How to type on an Apple watch

Behold Lunate, an intriguing swipe-based system for typing on an Apple watch. You can try it out yourself right now by downloading the Lunate app on an Iphone or Ipad.

It'll be interesting to see what sort of text-input systems emerge for Apple's watch. I suspect people will want them.

I probably would. Two years ago while writing a piece about wearables, I briefly wore a Metawatch STRATA. It wasn't bad, and it somewhat fulfilled one of the promises of smartwatches — i.e. that they can, in theory, allow you to leave your phone in your pocket/bag/purse more often, because you can glance at your wrist when a message comes in. To avoid the "overalert" problem, I configured my Metawatch to only display text messages (but not email), and to display tweets only from the one or two people I wanted to follow closely that day.

That kept the message flow to a reasonable level, and it let me settle into a nice routine: I'd leave Twitter closed on my laptop and my phone in my bag. With Twitter closed while I was doing work, I was less tempted to fall into an hour-long twitterhole. But because the watch was pinging me a few times an hour with tweets from one or two specific people (usually my wife and a friend), I had that nice ambient sense of what those folks were doing. It was a crude smartwatch way of setting up a multi-screen situation that, as I wrote about for Wired a few months ago, I've seen more and more people adopt. Most of the time the messages I was glancing at weren't ones I wanted or needed to reply to.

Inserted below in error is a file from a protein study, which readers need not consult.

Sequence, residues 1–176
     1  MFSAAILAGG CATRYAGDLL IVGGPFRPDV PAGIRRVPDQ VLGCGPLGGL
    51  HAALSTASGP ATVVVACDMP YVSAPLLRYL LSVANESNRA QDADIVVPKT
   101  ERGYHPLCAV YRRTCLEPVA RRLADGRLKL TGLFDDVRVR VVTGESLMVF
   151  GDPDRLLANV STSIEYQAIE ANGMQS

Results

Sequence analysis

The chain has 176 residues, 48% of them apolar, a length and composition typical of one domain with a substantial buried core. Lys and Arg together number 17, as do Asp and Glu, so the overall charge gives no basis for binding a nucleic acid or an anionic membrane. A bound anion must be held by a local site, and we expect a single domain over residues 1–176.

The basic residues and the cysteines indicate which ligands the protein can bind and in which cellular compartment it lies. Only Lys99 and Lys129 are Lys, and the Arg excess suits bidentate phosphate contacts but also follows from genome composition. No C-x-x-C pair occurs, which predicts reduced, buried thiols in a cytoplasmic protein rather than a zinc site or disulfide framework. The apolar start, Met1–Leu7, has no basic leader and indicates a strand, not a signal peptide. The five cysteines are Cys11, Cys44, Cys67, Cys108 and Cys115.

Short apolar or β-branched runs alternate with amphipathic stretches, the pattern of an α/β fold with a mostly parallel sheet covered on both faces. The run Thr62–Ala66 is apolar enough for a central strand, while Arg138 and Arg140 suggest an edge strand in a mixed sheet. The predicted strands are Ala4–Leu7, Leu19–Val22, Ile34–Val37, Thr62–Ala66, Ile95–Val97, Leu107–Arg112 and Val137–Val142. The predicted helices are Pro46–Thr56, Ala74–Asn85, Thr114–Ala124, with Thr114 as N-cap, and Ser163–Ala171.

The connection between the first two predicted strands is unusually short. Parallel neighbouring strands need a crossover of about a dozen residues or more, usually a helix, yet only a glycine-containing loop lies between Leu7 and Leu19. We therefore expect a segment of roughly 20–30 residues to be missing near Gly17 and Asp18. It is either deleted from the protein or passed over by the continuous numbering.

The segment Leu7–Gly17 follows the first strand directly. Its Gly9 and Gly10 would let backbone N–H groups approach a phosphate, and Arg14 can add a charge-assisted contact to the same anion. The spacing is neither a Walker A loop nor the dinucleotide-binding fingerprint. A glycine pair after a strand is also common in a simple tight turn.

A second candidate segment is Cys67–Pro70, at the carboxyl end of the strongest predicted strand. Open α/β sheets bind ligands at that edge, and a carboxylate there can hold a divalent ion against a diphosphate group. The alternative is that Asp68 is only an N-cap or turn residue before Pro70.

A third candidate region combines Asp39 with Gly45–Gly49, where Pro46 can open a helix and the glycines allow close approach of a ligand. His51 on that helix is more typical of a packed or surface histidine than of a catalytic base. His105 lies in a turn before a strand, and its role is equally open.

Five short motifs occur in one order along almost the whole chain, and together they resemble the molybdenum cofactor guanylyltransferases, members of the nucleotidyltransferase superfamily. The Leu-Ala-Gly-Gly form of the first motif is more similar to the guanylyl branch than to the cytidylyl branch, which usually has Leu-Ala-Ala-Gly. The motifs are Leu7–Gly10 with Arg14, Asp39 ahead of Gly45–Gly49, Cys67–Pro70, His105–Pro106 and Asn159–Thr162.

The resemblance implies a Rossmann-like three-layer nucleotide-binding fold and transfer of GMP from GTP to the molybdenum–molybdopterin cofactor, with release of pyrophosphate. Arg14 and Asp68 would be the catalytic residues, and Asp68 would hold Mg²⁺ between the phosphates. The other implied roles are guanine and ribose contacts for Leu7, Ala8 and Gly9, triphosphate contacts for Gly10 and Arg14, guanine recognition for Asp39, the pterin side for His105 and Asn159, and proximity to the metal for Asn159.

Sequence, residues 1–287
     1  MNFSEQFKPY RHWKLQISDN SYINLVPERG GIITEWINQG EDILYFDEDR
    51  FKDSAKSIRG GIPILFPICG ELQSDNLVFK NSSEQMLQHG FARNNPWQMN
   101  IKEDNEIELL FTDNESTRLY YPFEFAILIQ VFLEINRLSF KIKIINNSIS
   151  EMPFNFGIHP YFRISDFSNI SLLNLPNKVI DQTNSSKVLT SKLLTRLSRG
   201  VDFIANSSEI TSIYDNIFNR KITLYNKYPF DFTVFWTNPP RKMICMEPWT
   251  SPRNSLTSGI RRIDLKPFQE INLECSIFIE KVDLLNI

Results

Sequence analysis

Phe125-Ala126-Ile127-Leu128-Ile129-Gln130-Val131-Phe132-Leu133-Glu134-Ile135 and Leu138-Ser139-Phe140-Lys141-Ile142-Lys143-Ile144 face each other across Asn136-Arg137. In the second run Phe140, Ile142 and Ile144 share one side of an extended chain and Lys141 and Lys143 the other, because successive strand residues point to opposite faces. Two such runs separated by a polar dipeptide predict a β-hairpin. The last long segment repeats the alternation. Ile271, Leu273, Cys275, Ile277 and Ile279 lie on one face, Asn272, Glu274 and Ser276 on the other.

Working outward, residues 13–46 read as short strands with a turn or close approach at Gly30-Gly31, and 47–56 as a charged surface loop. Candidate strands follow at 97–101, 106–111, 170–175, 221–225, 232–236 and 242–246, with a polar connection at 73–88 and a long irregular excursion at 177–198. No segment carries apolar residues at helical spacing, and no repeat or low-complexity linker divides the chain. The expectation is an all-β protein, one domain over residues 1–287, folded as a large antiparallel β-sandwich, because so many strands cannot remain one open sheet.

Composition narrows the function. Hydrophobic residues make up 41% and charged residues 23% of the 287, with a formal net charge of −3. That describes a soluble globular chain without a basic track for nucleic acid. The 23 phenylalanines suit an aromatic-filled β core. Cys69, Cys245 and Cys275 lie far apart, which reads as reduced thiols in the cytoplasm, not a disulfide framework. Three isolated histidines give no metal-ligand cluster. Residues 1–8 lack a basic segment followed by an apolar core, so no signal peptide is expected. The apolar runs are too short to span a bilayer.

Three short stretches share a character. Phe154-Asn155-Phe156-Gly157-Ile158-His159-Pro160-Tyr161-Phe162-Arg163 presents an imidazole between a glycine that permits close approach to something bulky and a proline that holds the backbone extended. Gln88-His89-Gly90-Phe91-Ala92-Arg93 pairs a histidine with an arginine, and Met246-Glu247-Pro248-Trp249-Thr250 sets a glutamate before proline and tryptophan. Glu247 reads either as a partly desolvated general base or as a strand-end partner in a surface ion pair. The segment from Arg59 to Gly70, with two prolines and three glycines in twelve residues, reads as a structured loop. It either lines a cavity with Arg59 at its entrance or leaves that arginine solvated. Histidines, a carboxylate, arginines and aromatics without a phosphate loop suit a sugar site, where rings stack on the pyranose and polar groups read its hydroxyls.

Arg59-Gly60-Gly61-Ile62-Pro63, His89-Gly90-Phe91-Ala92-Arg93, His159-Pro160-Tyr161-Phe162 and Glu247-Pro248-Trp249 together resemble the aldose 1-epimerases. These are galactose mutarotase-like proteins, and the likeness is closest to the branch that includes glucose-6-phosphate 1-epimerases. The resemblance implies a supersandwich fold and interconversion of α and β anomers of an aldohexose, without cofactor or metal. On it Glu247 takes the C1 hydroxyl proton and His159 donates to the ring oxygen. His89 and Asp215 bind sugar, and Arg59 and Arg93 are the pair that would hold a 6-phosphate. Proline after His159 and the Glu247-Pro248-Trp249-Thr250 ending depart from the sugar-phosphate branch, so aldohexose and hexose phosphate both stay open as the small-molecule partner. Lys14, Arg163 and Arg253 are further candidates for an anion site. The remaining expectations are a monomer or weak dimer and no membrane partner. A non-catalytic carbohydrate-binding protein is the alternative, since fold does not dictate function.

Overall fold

But! Occasionally there would be a message that required a quick reply, and that's when the whole system sort of fell apart — because there's no way to type full messages on the Metawatch. It wasn't hard to pull out my phone (or fire up Twitter on my laptop), but it sort of defeated the purpose of keeping those environments shut down or tucked away. I know various smartphones allow you send back canned, one-button replies to incoming messages, but since I still mostly tend to think of myself as a human being and not a chatbot, I don't like sending canned replies.

It may be that voice dictation becomes quickly viable on the Apple watch, with audio squirted to and fro between the watch and the phone. (I voice-dictate probably 80% of all text I write on my phone.) But just as there are people who still want physical keyboards on smartphones, there'll likely be people who want some way to type on a Apple watch.

In the meanwhile, there are a bunch of interesting systems for typing on alternate smartwatch systems. For Android Wear, Microsoft made an app where you handwrite letters one by one with your fingertip:

Or there's the Minuum system for Android, too:

There's a system for typing on Pebble Watches, called PebbleMorse:

I first heard about Lunate in December, when I ran into the inventor, Howard Gutowitz; I'd interviewed him waaaayyyy back in 2001, when I first wrote about about the difficulty of writing emails and texts on twelve-button phone keypads!